A mother knows that every effort she can make to conceive and raise offspring will be matched by the perpetuation of her genes. In comparison with the male, a female is certain that the sacrifices she can make to keep her young survive will not be in vain. Males do not have this security (in their case there are more reasons to doubt whether the offspring they protect is theirs or not), but, on the other hand, they do not become more vulnerable during the gestation period. Precisely for that reason, according to the logic of the natural selection , a male has less value than a female as a breeding pair, because the latter, besides being fertilized, takes care of the offspring for a long time. If half of the population of a species invests much more time and effort in breeding offspring, the evolutionary psychologists will tell us, the individuals that make up that half of the population will become a resource by which the other half of individuals It will compete fiercely. In addition, if the survival of the offspring is compromised by their fragility, it may be more convenient for the male to be always close to provide resources and offer security. Hence, an emotional state similar to romantic love, relatively long lasting and involving the exclusivity of a couple, may be useful.

Monogamy explained by jealousy and infant deaths

One of the most obscure conclusions about the origin of social monogamy centers on the important role of something like jealousy. According to a study published in the magazine Science, monogamy tends to appear in populations of mammals when the females are very far apart and their density over the territory is low, which would make it difficult for the males to watch them all and prevent intruders from fecundating them. So, if this is true, the care of the young by the males would be a kind of necessary evil.

There is another study, published in PNAS, in which it is suggested that monogamy could have arisen to avoid infanticide on the part of males. This could have been the case because, in many polygamous mammals, it is common for each dominant male change to kill the offspring of the previous dominant male in order to make the females sexually receptive again. All this is horrible, is not it? If you want, you can rethink the monogamous habits of the lanternfish. Let's see if that way you recover.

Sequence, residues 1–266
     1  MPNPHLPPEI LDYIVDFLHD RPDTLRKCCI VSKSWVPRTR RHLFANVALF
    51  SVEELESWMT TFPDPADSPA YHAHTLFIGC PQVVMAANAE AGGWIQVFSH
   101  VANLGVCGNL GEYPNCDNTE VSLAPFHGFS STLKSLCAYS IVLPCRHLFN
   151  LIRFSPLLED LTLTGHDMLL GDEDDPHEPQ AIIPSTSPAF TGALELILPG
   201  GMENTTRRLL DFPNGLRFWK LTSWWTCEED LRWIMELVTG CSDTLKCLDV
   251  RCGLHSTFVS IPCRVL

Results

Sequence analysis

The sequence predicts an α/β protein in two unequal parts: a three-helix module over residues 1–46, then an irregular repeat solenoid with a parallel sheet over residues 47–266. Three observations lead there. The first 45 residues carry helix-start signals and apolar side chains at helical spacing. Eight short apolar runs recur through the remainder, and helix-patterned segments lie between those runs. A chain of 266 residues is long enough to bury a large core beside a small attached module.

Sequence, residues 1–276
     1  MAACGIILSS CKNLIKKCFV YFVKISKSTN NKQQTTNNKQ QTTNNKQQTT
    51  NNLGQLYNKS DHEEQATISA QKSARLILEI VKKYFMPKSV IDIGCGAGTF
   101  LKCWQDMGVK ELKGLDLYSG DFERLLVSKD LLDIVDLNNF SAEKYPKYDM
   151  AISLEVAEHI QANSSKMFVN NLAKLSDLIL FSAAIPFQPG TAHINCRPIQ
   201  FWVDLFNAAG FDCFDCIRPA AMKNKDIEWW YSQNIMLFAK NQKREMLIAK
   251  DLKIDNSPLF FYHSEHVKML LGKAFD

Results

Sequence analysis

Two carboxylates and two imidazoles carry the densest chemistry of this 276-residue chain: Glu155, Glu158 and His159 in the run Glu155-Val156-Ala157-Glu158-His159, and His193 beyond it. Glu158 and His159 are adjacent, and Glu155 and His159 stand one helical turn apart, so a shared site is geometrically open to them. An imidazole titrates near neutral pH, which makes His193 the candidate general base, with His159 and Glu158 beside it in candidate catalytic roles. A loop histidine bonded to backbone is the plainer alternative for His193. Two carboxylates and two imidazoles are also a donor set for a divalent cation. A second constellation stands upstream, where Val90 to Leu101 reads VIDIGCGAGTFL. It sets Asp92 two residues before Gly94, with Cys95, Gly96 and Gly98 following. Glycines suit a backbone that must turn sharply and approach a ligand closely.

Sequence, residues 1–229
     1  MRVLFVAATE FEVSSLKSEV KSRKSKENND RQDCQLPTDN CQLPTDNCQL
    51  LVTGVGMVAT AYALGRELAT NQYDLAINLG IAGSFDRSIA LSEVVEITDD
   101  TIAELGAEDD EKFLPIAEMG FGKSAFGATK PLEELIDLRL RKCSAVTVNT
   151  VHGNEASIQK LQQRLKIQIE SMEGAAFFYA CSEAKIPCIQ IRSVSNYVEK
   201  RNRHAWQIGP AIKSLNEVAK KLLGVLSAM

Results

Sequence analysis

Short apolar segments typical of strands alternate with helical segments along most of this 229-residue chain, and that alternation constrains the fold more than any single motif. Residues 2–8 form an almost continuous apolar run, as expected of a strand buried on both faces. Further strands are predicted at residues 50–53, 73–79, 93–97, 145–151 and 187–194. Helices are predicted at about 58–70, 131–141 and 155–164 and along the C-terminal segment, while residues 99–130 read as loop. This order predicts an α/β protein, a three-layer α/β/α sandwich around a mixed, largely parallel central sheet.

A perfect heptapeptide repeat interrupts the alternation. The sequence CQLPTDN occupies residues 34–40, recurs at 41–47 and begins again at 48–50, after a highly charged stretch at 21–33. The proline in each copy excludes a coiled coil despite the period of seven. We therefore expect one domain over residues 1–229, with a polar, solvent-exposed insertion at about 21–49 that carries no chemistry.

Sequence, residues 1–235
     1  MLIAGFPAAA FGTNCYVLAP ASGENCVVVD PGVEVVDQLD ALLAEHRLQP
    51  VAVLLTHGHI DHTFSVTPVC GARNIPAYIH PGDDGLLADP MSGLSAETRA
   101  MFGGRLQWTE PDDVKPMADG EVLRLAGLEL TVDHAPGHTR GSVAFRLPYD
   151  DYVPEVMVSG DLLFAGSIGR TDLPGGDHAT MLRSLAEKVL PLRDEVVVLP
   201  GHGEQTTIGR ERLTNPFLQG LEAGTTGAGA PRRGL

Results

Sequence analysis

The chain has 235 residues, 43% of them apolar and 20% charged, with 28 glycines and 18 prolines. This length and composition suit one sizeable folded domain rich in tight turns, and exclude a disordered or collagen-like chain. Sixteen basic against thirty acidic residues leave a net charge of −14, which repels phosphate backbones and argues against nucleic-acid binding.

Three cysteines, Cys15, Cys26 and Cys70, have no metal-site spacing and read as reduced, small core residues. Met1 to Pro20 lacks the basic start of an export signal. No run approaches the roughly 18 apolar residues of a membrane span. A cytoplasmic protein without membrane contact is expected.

You may have realized that all of the above is painfully reasonable if we think of the human being as a animal that is guided by certain impulses . In the vast majority of vertebrates, the offspring already have the ability to move on their own within a few hours of birth, and some are completely independent. In comparison, our babies are born myopic, unable to coordinate arms and legs and with difficulties even to keep the head off the ground. They need all the attention possible, and it may not be enough with the help of a single agency.

However, many psychologists and anthropologists believe that it is cultural dynamics, and not genetics, that explain the assignment of parenting tasks. That's why we are so unpredictable, according to them. Today there are many people who, despite experiencing romantic love and the need to be linked to a person, do not even consider having babies. Other people do not even believe that this form of attachment exists. This may be true because the great brains created by this process of "pairing" would have made possible the appearance of a type of thinking sufficiently abstract to diversify the forms of love: love for the community, love for friends, etc.

All these links are characterized by allowing the creation of groups of close people who can help raise the children. And is that although the couple formed by biological parents is not always responsible for raising the smallest, there is almost always a protective social circle around the baby, and may even that in certain contexts this mode of parenting is more beneficial, such and how Skinner proposed in his novel Walden Two . In these situations, love can be seen as the glue that holds together this circle of people dedicated to breeding and who replace each other. After all, the roles of "protective figures", like any other role, are interchangeable.


One of the problems of evolutionary psychology is that it provides explanations about the behavior of human beings that most people do not like and that, moreover, are insufficient in themselves. For this current of psychology, a large part of the behavior is explained as being a result of adaptation to the environment (ie to make sure that our genes pass to the next generation). For example, we get to see the relationships between men and women as a game in which we seek to use the opposite sex to make more likely the perpetuation of our own genes, or the genes that most resemble ours. In addition, we must bear in mind that the object of study of this discipline is something that can not be experienced: the evolutionary history of the species.

Somehow, evolutionary psychology provides possible explanations about certain patterns of behavior, but does not identify or fully explain them. Human beings are characterized by being acculturated, and learning explains a large part of our psychological aspects.

However, although evolution does not determine our behavior, it can actually explain certain very general trends, and it can also help to formulate experimental hypotheses in the species to which we belong right now: Homo sapiens.

It is true that the attachment or love we feel toward people who are not our children could also be understood as part of a evolutionary strategy to ensure the transmission of our genes. However, it could also be understood as a phenomenon that escapes explanations based on biology. In spite of this, if we want to descend from that idealistic conception of love to immerse ourselves in the swamp of crude scientific explanations, we must admit that there is nothing in nature or in our genetics that seems to go against occasional infidelities . It is possible, even, that the natural evolution sees these dabbles with good eyes.

Should You Be Monogamous? (June 2024).